The 1918 Representation of Peoples act is considered a pivotal moment for women’s rights and helped lay the foundations for progress towards women’s equality. But a century later, women still face barriers and prejudice, as highlighted by examples including the gender pay gap and the Time’s Up movement. The exhibition provides a focus for women’s voices to be heard and to question assumptions about the representation of women in-justice.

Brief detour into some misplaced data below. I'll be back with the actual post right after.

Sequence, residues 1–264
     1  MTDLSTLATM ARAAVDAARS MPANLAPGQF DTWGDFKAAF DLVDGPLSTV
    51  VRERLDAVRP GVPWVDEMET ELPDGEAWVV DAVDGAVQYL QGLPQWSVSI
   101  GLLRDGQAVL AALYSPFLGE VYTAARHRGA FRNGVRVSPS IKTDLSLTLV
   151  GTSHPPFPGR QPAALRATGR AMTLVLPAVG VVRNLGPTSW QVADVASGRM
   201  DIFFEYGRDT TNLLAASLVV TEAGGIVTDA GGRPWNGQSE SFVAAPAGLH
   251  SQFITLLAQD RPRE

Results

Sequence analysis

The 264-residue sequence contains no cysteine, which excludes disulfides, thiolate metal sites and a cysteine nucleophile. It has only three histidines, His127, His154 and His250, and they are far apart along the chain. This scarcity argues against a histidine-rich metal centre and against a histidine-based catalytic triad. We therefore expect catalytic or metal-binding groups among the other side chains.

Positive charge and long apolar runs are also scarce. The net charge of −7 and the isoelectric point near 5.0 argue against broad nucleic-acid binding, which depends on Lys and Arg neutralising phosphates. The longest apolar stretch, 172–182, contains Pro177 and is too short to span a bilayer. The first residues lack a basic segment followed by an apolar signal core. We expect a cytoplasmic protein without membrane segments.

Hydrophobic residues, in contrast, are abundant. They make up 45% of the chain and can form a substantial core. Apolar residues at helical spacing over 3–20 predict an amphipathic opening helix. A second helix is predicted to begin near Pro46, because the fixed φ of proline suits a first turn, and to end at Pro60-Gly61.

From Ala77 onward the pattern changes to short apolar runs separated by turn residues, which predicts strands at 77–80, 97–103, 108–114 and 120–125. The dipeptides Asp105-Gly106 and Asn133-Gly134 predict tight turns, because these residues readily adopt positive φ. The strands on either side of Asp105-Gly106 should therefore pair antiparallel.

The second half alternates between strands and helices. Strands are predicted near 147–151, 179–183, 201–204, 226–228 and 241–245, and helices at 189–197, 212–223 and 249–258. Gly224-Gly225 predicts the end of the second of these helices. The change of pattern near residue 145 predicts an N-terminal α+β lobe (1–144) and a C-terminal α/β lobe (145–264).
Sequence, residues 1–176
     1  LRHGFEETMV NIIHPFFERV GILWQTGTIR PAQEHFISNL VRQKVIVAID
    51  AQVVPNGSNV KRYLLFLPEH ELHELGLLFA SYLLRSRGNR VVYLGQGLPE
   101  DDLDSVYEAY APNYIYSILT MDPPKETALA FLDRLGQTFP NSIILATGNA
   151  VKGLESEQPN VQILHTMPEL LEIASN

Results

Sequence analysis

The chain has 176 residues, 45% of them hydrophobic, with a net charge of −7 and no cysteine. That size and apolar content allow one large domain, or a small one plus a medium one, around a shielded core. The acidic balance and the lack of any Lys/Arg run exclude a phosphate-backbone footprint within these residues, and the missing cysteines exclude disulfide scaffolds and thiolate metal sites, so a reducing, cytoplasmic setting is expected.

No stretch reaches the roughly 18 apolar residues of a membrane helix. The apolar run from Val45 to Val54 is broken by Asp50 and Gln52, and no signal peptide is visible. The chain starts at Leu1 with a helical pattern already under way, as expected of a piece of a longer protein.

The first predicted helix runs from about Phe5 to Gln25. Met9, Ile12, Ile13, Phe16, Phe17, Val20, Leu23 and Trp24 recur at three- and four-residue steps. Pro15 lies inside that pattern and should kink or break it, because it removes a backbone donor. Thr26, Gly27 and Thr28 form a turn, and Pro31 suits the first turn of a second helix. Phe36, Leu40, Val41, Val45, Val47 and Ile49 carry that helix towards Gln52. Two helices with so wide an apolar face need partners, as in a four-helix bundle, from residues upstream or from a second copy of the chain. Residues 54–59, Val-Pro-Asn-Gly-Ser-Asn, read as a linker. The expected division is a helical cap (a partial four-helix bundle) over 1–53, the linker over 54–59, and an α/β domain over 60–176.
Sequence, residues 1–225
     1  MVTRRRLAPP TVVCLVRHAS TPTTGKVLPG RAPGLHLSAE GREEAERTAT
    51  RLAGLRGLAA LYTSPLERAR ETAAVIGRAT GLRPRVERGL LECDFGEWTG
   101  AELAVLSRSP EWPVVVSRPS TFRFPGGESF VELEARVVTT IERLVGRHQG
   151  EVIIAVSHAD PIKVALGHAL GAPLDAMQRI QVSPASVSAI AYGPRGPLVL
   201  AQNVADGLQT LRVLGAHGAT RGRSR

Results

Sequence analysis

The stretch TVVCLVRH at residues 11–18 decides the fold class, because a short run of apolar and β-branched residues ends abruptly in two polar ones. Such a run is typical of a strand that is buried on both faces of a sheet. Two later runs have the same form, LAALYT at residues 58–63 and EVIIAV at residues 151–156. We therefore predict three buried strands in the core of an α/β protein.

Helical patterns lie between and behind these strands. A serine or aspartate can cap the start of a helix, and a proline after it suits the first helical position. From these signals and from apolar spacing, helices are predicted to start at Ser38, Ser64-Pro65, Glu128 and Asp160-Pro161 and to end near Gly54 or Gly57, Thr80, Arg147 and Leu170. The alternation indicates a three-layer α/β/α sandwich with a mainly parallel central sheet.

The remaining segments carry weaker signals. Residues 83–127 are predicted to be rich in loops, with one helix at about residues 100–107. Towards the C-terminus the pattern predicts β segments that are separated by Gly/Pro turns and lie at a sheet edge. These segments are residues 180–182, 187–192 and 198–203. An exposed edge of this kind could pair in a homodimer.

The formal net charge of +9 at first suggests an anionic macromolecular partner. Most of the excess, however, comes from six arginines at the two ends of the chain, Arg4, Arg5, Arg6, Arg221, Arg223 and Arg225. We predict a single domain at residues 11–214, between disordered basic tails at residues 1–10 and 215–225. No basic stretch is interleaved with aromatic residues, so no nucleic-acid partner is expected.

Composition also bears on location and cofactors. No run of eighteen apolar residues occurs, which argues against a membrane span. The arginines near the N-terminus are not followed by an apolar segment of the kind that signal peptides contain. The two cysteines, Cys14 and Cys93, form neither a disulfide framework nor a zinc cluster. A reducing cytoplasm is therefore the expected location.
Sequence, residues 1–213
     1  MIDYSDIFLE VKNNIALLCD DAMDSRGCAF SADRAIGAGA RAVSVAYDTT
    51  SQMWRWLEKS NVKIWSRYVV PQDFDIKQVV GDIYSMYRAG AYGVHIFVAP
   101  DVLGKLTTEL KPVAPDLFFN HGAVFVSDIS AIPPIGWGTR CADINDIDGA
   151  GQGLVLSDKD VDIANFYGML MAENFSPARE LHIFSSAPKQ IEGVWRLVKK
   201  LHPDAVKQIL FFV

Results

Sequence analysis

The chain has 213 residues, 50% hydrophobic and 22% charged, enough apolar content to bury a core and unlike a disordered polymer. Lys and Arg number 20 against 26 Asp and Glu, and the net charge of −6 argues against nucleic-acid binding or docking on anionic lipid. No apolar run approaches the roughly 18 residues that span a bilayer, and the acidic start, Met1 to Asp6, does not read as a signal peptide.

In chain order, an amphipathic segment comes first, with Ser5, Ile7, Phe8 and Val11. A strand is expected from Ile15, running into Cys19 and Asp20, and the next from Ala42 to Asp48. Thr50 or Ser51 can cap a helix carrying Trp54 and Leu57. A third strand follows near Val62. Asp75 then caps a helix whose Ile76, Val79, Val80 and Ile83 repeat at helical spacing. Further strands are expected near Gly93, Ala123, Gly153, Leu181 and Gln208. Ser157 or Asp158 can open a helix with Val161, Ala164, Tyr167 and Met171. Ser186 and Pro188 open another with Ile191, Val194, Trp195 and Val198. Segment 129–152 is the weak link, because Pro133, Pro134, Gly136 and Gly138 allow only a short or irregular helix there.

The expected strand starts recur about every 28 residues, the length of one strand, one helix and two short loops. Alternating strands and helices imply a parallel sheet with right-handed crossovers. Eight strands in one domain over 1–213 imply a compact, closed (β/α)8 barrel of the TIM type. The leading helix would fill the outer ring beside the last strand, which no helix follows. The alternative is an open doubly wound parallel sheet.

Museum & Heritage Development MA students from Nottingham Trent University have taken five powerful objects from the museum which explore the treatment of women by the criminal justice system and created responses to these in the form of short films.
Objects in the exhibition include force feeding equipment used on suffragettes and over 200 letters of support sent to Mrs Pace who was acquitted of murdering her husband on the grounds of domestic violence.
This exhibition also includes a special commission from the artist Dr Jane Wildgoose. Her new work ‘The Temptation of Want and Misery’ is displayed in the Museum’s Courtroom.
This exhibition is situated in the museum’s free exhibition area.